Marrone and Hackett contend it was the right call for the situation (though Marrone suggested they might need more work on it near the goal line). It’s the right call if you have a seasoned quarterback, someone who has executed that kind of split-second judgment in the past.
This was Tuel, an undrafted free agent making his first regular-season start against a defense that was leading the league in sacks and fewest points allowed. It was the wrong quarterback, the wrong opponent, the wrong spot on the field, the wrong time to get cute.
Marrone said earlier in the week that Tuel entered the game in Cleveland in the worst situation imaginable. He gave up on him as his backup after a quarter and a half. On Sunday, he and Hackett put Tuel in another situation that was too much for him at this stage of his career.
It’s difficult for established NFL quarterbacks to make those sort of snap decisions in the heat of a game. Practice doesn’t prepare a young QB for what it’s like down near the goal-line, where 21 other large, enormously gifted athletes are battling for control of tiny patches of turf.
That’s why the quarterback position is the hardest to play in sports, and why teams spend so much time and money trying to find a good one.
I can sympathize with Hackett, who called a good game overall and has done an admirable job with this offense under trying circumstances. The Bills have started three QBs this season, two rookies and a guy off the practice squad, and they’ve been in every game.
They’ve had to simplify the offense to accommodate the inexperience of the quarterbacks from the start of the season.
“It’s always a challenge,” Hackett said, “because you always want to protect” a rookie, “but you can’t just do one thing. We came in wanting to run the ball and we did that. We still had to take some chances up top. We were good on a couple and not good on a couple.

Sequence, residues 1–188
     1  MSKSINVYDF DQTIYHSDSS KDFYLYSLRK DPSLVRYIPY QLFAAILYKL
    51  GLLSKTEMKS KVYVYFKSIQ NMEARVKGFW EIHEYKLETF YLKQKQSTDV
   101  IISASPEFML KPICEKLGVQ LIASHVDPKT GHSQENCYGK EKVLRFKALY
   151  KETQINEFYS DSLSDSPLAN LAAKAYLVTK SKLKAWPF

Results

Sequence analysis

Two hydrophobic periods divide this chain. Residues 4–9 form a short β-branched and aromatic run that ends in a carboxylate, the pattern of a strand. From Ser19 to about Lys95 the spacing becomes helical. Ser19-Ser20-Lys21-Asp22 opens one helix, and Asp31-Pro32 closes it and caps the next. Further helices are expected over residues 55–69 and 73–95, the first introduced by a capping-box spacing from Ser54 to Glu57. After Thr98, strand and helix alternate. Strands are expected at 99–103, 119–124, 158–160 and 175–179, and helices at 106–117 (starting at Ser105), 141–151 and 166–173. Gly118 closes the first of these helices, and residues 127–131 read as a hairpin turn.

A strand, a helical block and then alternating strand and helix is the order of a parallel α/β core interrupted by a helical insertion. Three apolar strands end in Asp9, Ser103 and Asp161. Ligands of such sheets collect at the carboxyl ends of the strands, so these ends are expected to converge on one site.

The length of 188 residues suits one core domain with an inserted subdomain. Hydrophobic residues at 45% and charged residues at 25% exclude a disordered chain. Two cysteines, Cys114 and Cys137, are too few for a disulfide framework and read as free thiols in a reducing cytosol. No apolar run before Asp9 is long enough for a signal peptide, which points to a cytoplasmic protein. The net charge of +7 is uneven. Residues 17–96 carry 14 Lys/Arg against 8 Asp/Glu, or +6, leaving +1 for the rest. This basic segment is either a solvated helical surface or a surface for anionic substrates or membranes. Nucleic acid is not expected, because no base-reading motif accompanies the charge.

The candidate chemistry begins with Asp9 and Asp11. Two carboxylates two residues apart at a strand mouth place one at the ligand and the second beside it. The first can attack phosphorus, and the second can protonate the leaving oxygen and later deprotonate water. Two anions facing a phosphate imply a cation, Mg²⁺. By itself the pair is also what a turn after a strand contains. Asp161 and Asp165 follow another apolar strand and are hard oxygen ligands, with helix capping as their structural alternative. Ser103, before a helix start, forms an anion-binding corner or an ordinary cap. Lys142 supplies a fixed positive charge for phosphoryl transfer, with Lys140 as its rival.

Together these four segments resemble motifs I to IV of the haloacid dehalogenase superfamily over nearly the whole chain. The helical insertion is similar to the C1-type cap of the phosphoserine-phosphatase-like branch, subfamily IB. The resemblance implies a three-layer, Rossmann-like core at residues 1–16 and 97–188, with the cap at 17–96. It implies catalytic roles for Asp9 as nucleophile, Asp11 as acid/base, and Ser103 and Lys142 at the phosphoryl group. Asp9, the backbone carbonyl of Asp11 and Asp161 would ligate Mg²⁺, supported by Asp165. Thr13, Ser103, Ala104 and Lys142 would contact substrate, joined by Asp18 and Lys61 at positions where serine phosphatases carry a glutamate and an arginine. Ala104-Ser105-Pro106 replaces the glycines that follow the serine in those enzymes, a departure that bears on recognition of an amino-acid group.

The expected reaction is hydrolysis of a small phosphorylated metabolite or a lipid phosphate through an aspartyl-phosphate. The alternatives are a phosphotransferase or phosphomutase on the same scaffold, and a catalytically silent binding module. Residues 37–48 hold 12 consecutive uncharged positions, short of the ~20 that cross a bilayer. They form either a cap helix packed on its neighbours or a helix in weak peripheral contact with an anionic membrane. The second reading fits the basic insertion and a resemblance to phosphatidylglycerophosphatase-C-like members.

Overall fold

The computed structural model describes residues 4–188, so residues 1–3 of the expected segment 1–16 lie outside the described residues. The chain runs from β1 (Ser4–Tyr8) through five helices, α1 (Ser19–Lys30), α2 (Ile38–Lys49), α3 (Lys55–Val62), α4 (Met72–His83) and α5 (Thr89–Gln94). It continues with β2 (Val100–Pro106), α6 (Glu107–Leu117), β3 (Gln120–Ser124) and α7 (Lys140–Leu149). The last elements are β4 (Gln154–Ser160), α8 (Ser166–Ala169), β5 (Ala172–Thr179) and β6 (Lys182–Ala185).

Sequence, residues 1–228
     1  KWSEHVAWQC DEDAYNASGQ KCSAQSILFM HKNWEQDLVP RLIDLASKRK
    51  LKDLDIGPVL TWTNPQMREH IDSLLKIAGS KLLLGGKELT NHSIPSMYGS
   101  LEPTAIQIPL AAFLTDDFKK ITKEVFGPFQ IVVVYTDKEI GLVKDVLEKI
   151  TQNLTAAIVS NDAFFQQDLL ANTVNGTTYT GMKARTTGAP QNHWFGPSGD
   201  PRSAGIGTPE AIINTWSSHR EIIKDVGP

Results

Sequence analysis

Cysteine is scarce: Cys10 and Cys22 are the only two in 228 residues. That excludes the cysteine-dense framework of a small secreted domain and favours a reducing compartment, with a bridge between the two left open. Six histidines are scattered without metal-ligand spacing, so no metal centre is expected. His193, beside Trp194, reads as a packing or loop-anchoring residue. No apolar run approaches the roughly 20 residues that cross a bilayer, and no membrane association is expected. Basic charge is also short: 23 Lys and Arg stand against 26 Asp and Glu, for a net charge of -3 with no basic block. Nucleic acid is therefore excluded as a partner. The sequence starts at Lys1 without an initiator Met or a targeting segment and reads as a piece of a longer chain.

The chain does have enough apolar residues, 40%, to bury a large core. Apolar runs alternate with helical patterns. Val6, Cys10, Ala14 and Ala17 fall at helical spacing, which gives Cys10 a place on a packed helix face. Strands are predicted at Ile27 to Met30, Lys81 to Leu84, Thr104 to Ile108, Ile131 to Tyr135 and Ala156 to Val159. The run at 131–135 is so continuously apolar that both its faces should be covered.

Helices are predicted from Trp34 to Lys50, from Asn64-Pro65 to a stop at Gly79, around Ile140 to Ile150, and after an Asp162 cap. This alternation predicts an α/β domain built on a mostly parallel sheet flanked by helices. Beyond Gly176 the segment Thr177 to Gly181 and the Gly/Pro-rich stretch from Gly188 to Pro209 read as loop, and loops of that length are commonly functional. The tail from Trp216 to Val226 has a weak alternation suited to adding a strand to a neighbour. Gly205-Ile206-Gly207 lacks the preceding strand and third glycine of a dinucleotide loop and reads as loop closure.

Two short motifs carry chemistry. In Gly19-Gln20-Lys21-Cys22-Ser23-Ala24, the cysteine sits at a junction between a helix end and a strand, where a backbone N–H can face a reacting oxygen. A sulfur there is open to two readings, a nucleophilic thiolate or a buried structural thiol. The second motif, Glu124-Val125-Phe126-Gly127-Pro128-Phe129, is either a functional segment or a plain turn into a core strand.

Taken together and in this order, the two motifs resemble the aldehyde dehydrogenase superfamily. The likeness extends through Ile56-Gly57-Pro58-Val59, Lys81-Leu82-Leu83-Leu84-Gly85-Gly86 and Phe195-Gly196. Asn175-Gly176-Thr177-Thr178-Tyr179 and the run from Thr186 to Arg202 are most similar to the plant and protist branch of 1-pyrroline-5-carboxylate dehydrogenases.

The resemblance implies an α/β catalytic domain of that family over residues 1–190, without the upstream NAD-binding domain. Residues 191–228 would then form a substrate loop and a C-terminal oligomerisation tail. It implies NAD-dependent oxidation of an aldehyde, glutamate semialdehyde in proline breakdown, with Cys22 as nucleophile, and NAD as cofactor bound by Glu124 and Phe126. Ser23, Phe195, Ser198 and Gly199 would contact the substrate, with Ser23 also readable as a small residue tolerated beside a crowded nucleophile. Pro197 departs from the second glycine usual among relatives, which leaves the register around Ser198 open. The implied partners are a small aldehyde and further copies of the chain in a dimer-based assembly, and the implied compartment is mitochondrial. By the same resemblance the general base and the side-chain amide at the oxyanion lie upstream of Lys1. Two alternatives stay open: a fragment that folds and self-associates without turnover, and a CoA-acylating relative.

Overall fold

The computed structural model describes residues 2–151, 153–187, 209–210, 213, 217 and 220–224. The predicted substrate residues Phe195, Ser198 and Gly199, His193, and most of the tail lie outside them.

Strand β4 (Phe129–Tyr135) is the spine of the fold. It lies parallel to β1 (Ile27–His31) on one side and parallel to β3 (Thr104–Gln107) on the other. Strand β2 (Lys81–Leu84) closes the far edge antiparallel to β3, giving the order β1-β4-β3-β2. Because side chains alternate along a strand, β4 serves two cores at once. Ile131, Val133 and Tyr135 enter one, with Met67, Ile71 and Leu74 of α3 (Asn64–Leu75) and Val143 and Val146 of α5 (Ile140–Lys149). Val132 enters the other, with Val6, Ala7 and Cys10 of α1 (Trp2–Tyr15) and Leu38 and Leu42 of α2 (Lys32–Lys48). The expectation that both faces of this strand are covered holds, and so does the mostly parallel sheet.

“We’ve had to do whatever we can to make them comfortable back there, and still make plays,” he said. “It’s frustrating, because you want to develop a guy. You want a guy to come in there and get better every week.”
Marrone and Hackett talk about having faith in their young quarterbacks. They don’t like to make excuses. This is the NFL. You prepare to win, and with the idea that your quarterback is good enough to execute whatever it takes to win.
But sometimes, they get a little carried away. Hackett has a tremendous belief in his ability to run an offense, but sometimes that belief exceeds the talent at hand. It was that way with Ryan Fitzpatrick, whose confidence was often too big for his ability.
That outsized belief can be a good thing. Some day, when the Bills have a veteran quarterback and an array of weapons, we’ll celebrate the fact that Marrone and Hackett have a big, bold vision for the offense.
But this time, a safer approach would have been more suitable. I would have run the ball on third down. If that failed, I’d have kicked the field goal, gone up by 10 points, and trusted that K.C. couldn’t score 10 against my inspired defense.
Instead, they put the game in the hands of a kid who had never started an NFL game. The got cute and committed the cardinal sin of coaching. They put a player in position to fail.